Australasian Science: Australia's authority on science since 1938

Australasian Science Magazine Issue April 2012

April 2012 Backissue

AUD$10.00 including GST

Australasian Science backissue April 2012


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Cover Story: Botulism Paralysed
A new class of inhibitors could prevent infection by a neurotoxin classified as a Category A biological weapon.
Credit: Paula Bronstein / iStockphoto
Feature: New Life for Ancient Malaria Remedy
The parasite responsible for malaria is developing resistance to a frontline drug that was first used in China more than 2000 years ago. By determining how artemisinin works, scientists may have just opened a new battlefront in the war against malaria.
Photo: Ruth Arcus
Feature: Enzyme Evolution Reveals Earth’s Inhospitable Past
The reconstruction of a one-billion-year-old enzyme paints a picture of a hot and hostile past.
Photo: Fotostudio Enjoy, Ingrid van Heteren (NL)
Feature: Identical Genes, Individual Twins
Identical twins essentially have the same DNA sequence, but the way they use their DNA can be vastly different. Photo: Fotostudio Enjoy, Ingrid van Heteren (NL)
Goldtail damselfish. Credit: Mary Bonin
Feature: A Reef Too Far?
Coral reefs are being subjected to more disturbances than ever before, but a new study has surprisingly found that reef fish can benefit from habitat fragmentation.
Feature: A Reproductive Riddle
They look cute and even like to cuddle, but what do the small testes and spikey penis of the spinifex hopping mouse tell us about their ability to survive and thrive between periods of drought and flooding rain?
iStockphoto
Feature: Of Mice & Men
Are mouse models of immune disorders of the human gut, such as inflammatory bowel disease, reliable? And can probiotic supplements keep us healthy?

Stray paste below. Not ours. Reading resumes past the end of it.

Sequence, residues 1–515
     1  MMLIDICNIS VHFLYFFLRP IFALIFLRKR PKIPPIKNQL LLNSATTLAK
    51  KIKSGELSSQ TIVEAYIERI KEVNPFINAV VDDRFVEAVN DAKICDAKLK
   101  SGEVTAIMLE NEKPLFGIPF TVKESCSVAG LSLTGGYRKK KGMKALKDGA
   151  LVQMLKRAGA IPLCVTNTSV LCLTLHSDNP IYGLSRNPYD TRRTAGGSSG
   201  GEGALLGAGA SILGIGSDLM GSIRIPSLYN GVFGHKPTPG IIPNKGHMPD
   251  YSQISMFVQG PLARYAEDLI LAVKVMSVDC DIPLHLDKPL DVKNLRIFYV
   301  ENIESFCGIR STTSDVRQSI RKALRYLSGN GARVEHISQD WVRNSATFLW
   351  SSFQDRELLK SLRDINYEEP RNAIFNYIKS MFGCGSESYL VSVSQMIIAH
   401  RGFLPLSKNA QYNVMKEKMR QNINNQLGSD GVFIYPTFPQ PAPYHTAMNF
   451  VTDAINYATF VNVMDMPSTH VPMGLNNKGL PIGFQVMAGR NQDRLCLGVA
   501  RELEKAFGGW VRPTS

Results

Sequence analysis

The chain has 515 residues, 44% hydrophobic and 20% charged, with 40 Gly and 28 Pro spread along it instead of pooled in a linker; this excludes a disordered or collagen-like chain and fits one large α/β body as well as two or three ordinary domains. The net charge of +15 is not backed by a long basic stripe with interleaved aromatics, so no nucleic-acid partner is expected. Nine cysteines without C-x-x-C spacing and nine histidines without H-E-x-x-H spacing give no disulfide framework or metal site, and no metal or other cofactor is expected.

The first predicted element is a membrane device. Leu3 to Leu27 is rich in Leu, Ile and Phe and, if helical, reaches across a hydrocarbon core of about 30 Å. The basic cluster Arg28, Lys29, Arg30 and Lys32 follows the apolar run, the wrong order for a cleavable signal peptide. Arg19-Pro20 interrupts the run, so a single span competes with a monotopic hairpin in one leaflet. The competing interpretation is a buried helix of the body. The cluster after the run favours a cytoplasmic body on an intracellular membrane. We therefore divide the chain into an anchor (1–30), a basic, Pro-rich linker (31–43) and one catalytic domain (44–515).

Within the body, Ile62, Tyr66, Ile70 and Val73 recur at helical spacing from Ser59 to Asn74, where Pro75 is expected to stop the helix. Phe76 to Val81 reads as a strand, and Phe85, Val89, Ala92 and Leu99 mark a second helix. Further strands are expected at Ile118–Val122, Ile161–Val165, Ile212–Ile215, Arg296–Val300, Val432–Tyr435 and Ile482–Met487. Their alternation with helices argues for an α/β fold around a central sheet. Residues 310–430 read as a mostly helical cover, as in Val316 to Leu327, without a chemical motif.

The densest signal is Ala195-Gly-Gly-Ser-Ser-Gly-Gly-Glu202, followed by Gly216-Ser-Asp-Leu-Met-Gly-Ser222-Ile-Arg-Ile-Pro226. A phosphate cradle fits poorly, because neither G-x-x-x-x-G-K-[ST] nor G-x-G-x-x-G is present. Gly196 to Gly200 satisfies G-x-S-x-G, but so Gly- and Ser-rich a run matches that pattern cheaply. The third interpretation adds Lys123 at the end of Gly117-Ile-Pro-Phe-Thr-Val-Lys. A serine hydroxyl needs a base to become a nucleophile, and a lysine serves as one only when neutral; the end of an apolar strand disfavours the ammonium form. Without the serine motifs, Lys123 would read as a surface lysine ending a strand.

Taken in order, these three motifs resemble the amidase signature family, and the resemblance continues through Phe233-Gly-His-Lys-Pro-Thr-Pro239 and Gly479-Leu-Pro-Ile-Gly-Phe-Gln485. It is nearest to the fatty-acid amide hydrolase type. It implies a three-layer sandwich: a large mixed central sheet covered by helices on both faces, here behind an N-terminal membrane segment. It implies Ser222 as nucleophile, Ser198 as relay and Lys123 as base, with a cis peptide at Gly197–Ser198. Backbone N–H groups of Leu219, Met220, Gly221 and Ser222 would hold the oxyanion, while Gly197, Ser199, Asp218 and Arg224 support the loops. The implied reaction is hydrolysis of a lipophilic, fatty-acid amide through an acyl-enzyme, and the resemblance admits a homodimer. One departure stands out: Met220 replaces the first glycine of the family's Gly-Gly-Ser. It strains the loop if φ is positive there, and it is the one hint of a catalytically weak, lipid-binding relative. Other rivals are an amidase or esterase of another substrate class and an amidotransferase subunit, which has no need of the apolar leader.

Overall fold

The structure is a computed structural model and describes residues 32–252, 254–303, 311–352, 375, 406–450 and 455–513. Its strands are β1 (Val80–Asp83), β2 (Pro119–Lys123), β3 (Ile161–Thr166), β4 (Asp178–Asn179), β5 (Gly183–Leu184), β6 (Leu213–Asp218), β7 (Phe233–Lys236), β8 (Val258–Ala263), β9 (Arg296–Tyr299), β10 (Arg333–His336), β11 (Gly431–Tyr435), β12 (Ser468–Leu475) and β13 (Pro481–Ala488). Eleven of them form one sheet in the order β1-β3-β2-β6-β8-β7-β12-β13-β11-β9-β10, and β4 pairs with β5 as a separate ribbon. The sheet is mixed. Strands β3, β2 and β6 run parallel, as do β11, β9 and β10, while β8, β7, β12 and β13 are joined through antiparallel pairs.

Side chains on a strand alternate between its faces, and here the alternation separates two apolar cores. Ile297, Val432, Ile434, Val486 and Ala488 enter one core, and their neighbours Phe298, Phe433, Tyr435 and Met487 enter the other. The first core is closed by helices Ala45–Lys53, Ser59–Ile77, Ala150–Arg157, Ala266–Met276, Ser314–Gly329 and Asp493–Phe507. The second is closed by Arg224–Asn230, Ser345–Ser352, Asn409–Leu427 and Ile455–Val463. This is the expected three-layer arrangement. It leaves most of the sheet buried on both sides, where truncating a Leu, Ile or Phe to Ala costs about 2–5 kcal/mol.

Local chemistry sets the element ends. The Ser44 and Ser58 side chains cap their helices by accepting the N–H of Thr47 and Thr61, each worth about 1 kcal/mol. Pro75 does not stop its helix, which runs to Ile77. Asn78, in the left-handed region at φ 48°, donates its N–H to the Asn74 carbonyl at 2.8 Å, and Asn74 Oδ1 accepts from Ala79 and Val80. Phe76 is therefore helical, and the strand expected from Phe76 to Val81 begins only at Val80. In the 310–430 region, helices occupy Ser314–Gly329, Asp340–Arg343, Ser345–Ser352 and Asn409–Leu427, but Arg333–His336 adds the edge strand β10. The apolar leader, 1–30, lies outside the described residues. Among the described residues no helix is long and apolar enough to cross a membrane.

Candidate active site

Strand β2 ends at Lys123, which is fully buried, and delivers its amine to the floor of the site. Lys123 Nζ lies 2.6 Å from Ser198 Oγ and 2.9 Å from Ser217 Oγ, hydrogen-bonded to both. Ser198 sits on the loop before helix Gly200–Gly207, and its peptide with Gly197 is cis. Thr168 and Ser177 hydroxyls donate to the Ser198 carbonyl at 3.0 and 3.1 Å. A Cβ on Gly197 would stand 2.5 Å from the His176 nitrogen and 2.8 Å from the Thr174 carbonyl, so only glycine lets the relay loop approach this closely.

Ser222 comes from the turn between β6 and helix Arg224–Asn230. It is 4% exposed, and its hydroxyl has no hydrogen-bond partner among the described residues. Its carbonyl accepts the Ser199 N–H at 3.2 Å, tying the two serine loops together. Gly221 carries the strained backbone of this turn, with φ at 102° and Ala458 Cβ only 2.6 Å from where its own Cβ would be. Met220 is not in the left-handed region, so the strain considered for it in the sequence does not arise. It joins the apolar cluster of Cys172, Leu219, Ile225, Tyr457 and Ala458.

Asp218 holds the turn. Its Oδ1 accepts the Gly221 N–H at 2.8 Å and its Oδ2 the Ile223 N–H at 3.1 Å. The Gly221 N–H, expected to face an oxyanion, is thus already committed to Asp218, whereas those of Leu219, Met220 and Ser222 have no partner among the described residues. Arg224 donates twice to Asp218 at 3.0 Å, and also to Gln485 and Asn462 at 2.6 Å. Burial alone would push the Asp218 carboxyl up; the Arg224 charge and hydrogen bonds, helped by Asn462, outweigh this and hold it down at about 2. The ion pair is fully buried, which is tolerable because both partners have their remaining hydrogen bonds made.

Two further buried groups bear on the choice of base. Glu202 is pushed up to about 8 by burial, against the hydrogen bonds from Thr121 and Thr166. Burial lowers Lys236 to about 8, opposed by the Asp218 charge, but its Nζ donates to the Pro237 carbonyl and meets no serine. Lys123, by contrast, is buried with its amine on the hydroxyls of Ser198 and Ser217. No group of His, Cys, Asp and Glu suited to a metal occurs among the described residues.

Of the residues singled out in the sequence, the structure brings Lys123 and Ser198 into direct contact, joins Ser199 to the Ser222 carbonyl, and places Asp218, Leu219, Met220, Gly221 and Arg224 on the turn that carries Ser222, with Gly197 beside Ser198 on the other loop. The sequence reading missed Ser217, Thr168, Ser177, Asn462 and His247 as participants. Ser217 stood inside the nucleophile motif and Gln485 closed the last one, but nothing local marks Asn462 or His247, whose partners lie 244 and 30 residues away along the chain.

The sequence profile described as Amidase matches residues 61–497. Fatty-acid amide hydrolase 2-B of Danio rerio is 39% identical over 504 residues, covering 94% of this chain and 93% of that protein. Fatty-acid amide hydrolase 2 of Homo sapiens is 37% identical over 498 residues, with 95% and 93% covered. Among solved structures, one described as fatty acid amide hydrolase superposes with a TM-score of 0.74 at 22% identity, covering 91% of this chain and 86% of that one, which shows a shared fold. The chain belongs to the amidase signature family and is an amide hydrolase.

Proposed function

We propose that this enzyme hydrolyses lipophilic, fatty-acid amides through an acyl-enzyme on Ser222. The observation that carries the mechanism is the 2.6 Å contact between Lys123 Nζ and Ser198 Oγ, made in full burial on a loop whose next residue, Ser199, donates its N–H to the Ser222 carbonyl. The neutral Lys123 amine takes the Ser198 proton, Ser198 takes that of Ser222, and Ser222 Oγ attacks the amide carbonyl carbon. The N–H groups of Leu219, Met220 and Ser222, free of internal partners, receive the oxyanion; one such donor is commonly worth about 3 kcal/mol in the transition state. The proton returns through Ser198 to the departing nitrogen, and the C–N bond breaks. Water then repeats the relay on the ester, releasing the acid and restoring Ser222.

Australasian Sky: Dazzling Local Autumn Sky Show
A spectacular alignment will occur on 26-27 March.
conSCIENCE: Shifting the Watermarks
The draft Murray-Darling Basin Plan is confused at best and deceptive at worst.
Cool Careers: A Time To Dance
Joel Miller is seeking to create better bone implants, and turned his PhD into a competition-winning dance.
Directions: Enhancing Women’s Career Prospects
Women need better career options and more control over their professional lives.
Eco Logic: Opinions Under Fire
An analysis of Victoria’s Black Saturday fires has provided important evidence about which factors save houses. The study highlights the difference between opinion and evidence.
Eureka!: How a Woman’s Fertility Affects Men’s Speech
Men become more creative in their conversations when they detect subtle signals that a woman is fertile.
Expert Opinion: Is Sugar as Toxic as Alcohol?
Experts evaluate a commentary published in Nature* arguing that added sweeteners pose dangers to health that justify controlling them like alcohol.
Lowe Tech: Like a Rinehart Cowboy
Will more anti-climate change cowboys ride into the media spotlight following Gina Rinehart’s purchase of a stake in Fairfax?
Naked Skeptic: Checking the Facts
How much can you rely on what you read without checking the facts yourself?
Out of this World: “Ping Pong” Planets
News from the space and astronomy communities around the world.
Publish or Perish: New Books
Your guide to new science books this month.
Quandary: Jagged Little Pill
If a morality pill can induce moral behaviour, what could governments do with an “immorality pill” to control its citizens, law enforcers and soldiers?
Simon Says: Battle of the Basin
Differences between farmers and scientists are being heightened by a process designed to reconcile them.
The Funneled Web: To be an Effective Chief Scientific Advisor You've Got to be Lucky: Robert May
Despite the hype about Prof Ian Chubb's appointment last year, the Chief Scientist doesn't have the influence afforded to his UK counterpart.
Online Feature: Bill to stop misuse of dangerous technology could hit uni research
The Defence Trade Controls Bill 2011, which restricts the use of materials that could be used in weapons, will inhibit a wide range of scientific research.
Online Feature: Genome–Disease Association Studies Defended
"Failure of candidate gene studies showed how little we knew about the basic causes of most common diseases."
Online Feature: Swisse Vitamins highlights the failure of industry self-regulation
Encouraging GPs to “on-sell” products to patients is likely to produce unnecessary or inappropriate prescribing